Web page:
Jonathan Safran Foer, the award-winning author of Extremely Loud and Incredibly Close, will present a reading and discussion of his novel at 3 p.m. Sunday, April 23rd, in the Santa Monica College Pavilion, 1900 Pico Blvd., Santa Monica.
The event and parking are free. The novel was published by Houghton Mifflin last year and released this month in paperback.
Following the reading are a question-and-answer session, a book sale, and book signing.
Extremely Loud and Incredibly Close is the featured book for Santa Monica Citywide Reads 2006.
Set in New York after September 11th, 2001, the novel follows nine-year-old Oskar Schell, who loses his father in the Twin Towers collapse and searches for the lock that a key found in his father’s closet fits.
“When I start a book, I don’t do much thinking about the plot, but I follow my instincts,” Foer said. “It’s not until I’m far into the book that I know what I want to write about, and towards the end of this book, I couldn’t avoid being drawn into writing about September 11th.”
Citywide Reads is sponsored by the City of Santa Monica and the Santa Monica Public Library, with support from Friends of the Santa Monica Public Library and Santa Monica College Associates.
The program encourages people who live in, work in, or visit Santa Monica to read the same book and come together to discuss it in public book clubs and related events held throughout the city.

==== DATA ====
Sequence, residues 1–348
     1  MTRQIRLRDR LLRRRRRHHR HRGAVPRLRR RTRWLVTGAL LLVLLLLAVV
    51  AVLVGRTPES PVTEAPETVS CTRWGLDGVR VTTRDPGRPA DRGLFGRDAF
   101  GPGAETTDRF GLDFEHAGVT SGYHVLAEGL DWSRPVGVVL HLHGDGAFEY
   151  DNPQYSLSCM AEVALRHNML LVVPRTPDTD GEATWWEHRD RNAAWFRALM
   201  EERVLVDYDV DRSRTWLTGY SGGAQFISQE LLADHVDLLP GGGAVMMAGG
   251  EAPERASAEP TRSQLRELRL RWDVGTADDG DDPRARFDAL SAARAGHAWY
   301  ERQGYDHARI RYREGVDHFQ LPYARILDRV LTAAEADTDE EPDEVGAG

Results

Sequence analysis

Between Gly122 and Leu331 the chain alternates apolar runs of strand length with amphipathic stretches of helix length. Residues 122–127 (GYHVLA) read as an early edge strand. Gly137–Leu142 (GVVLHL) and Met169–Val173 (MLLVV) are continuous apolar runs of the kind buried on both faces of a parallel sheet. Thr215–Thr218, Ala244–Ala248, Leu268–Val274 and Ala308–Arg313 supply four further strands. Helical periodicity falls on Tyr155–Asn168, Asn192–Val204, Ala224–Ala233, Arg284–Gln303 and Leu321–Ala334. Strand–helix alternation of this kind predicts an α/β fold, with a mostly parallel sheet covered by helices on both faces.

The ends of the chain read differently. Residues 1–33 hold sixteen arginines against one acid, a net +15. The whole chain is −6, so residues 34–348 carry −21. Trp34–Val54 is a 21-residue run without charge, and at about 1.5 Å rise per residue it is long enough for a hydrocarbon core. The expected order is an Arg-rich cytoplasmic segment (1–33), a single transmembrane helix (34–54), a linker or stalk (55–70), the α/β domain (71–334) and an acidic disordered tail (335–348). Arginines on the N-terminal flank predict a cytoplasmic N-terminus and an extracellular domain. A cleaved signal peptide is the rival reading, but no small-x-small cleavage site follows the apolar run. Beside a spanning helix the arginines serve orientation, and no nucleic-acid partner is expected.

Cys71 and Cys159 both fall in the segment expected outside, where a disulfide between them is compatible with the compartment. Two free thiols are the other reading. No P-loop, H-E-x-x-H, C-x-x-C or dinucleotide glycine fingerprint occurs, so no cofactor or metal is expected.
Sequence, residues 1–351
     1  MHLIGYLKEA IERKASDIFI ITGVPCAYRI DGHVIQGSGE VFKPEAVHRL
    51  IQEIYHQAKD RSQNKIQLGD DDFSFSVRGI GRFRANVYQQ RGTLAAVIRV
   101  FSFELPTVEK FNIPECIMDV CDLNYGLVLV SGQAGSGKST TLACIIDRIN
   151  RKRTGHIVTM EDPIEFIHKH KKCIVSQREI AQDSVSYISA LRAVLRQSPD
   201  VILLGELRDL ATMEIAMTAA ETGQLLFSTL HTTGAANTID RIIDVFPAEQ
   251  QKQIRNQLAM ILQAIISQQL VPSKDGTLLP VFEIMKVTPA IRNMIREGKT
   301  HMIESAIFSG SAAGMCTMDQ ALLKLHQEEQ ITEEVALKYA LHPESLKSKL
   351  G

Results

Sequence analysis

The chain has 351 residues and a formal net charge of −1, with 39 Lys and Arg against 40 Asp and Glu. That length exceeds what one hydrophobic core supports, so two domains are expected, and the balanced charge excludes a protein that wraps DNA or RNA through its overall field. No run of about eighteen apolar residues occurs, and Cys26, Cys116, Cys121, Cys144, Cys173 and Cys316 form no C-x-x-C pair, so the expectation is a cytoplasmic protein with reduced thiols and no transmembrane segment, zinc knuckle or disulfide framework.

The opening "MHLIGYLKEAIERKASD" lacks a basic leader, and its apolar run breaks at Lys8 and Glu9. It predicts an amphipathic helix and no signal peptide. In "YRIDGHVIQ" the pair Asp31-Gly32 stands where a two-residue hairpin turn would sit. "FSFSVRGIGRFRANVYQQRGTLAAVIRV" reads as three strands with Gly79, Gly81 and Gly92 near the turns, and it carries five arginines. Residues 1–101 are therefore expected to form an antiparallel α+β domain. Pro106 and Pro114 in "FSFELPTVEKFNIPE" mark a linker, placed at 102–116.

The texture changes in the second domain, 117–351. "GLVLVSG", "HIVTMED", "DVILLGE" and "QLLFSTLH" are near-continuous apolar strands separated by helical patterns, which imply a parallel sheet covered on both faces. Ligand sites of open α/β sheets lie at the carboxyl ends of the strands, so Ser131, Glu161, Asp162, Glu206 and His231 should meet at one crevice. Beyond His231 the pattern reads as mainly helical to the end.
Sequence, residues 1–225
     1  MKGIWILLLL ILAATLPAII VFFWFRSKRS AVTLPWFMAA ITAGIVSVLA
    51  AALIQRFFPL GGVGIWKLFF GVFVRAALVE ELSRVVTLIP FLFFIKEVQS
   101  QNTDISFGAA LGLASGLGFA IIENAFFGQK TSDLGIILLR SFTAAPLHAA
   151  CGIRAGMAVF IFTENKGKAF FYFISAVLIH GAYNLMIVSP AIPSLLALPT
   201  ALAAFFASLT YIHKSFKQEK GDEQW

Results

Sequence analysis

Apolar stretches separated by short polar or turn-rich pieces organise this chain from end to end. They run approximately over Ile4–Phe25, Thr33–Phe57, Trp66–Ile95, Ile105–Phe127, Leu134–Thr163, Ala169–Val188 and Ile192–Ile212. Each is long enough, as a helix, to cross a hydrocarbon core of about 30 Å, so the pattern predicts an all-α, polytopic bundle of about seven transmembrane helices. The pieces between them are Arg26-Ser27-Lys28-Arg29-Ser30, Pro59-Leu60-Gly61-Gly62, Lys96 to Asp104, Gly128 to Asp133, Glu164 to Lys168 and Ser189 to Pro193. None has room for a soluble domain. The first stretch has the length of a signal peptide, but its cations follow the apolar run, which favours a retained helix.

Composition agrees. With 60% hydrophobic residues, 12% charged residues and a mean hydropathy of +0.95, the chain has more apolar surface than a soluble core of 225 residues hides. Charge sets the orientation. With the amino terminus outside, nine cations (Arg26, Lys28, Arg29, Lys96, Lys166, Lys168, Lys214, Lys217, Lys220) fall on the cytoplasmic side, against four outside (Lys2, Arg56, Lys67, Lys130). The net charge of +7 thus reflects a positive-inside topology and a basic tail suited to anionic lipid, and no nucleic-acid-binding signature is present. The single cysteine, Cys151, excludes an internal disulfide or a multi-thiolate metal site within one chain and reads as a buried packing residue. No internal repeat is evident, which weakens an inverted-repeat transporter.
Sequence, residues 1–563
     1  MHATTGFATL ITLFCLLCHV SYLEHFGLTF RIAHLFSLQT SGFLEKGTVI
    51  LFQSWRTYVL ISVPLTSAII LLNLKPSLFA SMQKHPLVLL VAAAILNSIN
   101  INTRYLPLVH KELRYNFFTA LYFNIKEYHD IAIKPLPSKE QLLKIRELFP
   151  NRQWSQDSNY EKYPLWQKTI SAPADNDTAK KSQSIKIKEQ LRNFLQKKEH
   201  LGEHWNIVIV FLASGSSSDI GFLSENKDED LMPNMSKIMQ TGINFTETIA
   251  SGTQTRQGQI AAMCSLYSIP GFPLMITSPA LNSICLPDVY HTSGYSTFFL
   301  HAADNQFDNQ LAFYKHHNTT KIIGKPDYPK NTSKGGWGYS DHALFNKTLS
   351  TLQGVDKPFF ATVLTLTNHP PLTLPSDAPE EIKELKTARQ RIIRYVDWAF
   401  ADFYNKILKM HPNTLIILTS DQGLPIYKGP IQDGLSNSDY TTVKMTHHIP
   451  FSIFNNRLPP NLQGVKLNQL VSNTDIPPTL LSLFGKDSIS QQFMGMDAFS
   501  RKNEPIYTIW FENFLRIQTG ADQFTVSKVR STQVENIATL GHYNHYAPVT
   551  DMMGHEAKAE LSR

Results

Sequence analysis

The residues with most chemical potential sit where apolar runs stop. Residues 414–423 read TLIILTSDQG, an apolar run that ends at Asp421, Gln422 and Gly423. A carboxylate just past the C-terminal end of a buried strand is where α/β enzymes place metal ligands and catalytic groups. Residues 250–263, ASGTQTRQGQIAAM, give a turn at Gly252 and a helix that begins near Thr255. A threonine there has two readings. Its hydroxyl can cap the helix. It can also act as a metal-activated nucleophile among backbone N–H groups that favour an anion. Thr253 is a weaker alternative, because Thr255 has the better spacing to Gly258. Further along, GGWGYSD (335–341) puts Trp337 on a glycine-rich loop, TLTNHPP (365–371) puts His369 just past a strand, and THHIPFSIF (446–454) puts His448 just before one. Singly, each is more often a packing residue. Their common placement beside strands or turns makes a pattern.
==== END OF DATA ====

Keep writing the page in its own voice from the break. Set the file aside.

Foer’s talk at Santa Monica College is part of the college’s Literary Series and is co-sponsored by the Santa Monica Public Library, the college’s English Department, and the Santa Monica College Associates, a private organization that funds speakers and other special programs on campus.
“I have loved libraries since I was a kid and I write nearly all of my work in libraries,” Foer said. “Citywide Reads will bring a diverse group of readers to the book and this is what I want, for people of different backgrounds or people who normally would not pick up this book to read it.”
In Extremely Loud and Incredibly Close, Schell roams New York’s five boroughs to look for the missing lock and meets an assortment of people from different generations and backgrounds who are all survivors in some way.
Among these people are his grandparents who survived World War II and the bombing of Dresden, Germany and a woman from Hiroshima, Japan.
“This novel offers a view of the brave new world of post-September 11th New York,” said Carol Jugo, chair of the Santa Monica High School English Department and a member of the Citywide Reads Advisory Committee. “Like all great stories, this one has places for laughing and places for crying.”
Foer has been able to capture a balance of tragedy and humor through Schell, who as a young boy has a myriad of interests in invention, jewelry and gemstones, entomology, archeology, all things French, percussion, writing fan letters, pacifism, acting, vegan diets, rare coins, and Beatles memorabilia.
Schell’s journey through New York teaches him about love, loss, and how to heal.
“There is nobody in the world like Oskar,” Foer said. “I wanted to create a character that could be a vehicle for a lot of emotion, and I pulled a few traits from people I know like my little brother, myself when I was a boy, my cousin, and some friends.”
The 29-year-old Foer was born in Washington, D.C. and currently lives in Brooklyn, New York, with his novelist wife Nicole Krauss (The History of Love) and newborn child.
His father was a jeweler before becoming a lawyer and antitrust advocate. His mother works in public relations and his older brother and younger brother are both writers.
Jonathan Foer graduated from Princeton University with a degree in philosophy and studied with author Joyce Carol Oates.